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In the Trenches: Teaching kids to solve problems

By Patricia Biggs
The Arizona Republic
June 23, 1999

Judge Dorothy Nelson of the 9th District Court of Appeals is weary of the nation's jam-packed court calendars and the adversarial approach people take in solving problems.

Even more, she's weary of the violence that has infiltrated the country she's committed to serving.

"Our adversary system in the courts is too painful . . . for a civilized society," Nelson said at a Tempe town meeting on "Alternatives to Violence in the Schools" last week.

"Violence has grown to alarming proportions," Nelson said.

The meeting was in conjunction with the 23rd annual international conference of the Association for Baha'i Studies. To a packed grand ballroom crowd of richly mixed ethnicity, Nelson offered a choice:

"As we enter the next century, we can go along with the adversarial approach, or we can take the collaborative, peaceful approach."

Nelson moderated a panel discussion on violence. The consensus, in a nutshell, was that the community within any school is a fair representation of our communities outside the schools, and that to effect a change within, one must change the larger community.

The big question: How?

Recently, the U.S. House of Representatives passed a bill allowing schools to post the Ten Commandments, and the movie industry offered to check ID's when selling tickets to R movies. Could such actions begin to touch the crux of our problem with violence?

Probably not.

As one of the panelists put it: "When looking to solve a problem, first get out the mirror as opposed to a telescope."

Changing our culture of violence will take all of us. It will require the best effort we can elicit from within.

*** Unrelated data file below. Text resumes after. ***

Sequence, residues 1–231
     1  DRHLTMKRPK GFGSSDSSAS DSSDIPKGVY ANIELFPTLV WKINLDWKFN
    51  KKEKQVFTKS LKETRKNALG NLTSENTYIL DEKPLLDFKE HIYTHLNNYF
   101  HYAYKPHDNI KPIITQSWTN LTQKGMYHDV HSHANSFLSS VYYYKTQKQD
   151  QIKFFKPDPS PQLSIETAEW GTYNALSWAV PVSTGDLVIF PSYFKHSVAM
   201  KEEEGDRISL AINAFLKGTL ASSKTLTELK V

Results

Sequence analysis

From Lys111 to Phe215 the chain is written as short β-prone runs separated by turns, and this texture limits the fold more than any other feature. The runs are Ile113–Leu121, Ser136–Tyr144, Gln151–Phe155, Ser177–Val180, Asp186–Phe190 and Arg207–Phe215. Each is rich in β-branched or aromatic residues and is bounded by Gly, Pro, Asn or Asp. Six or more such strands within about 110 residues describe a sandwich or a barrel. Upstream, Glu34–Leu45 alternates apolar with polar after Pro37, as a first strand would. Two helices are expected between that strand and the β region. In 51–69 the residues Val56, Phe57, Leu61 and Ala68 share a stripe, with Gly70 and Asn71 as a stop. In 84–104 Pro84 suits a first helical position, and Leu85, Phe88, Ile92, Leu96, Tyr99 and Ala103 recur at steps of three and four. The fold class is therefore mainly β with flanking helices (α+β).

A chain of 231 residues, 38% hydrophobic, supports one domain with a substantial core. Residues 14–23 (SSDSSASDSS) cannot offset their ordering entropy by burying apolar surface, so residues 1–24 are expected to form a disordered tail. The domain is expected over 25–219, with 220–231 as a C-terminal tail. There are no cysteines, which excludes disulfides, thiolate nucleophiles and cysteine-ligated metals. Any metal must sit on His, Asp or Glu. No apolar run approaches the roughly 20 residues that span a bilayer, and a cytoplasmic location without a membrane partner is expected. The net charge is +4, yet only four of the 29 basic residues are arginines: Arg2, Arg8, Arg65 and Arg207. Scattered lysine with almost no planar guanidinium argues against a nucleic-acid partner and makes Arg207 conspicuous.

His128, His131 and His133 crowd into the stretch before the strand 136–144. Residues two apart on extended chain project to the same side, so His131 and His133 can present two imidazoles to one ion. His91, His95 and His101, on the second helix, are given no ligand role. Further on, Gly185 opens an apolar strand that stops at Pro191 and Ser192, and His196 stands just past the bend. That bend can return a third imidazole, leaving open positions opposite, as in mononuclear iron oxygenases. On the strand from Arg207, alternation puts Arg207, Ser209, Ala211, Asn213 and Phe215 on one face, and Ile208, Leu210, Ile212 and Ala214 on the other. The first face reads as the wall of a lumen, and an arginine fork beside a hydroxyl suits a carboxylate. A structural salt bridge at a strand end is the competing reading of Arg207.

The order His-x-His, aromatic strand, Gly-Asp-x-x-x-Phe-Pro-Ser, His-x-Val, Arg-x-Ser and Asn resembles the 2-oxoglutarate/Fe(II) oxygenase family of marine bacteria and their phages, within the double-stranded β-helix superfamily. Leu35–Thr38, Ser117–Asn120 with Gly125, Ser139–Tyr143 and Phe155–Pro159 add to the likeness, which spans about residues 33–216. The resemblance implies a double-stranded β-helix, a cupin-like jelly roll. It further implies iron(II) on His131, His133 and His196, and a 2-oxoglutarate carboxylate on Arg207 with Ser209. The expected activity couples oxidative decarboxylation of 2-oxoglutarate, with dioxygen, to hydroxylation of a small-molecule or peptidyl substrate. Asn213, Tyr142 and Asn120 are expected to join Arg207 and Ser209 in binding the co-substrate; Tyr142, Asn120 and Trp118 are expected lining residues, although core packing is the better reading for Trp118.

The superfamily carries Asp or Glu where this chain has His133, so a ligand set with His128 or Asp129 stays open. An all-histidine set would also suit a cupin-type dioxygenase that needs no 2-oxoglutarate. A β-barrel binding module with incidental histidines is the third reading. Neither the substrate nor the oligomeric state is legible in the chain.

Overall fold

As a parent, I've taken a second look at what my two younger children are viewing and what games they're playing. I'm not sure whether there's a direct link between what a child sees on a screen -- theater, TV or computer -- and what that child considers OK in reality. But that's the trickiest part of parenting: By the time you can tell how decent a job you've done, your child is grown and it's largely too late to fix your errors.

Evaluating your own involvement as a parent should not conjure up the need for superhero acts. Rather, it means checking how well you are paying attention.

The other night, after telling my son for the third time to go to bed, I watched him start walking slowly out of the room. Flash of inspiration: I realized something was on his mind.

I called him back, sat down with him and asked him what was up. It took a couple minutes and some soft-spoken prompting, but he opened up with some heartfelt feelings about the way he was being treated by some kids.

After I'd listened and asked questions to get a fair understanding of his situation, I said, "Would you like to know what I think?"

And because I had listened first, he was willing to listen to me.

He went to bed 20 minutes late, but he went to bed with a plan for dealing with his problem, and more importantly, with the feeling that I was in his corner.

That's involvement. Listening, teaching a child how to think through a problem rather than react violently.

Our culture can be changed.

Look in the mirror.

©Copyright 1999, Arizona Central
Original Story

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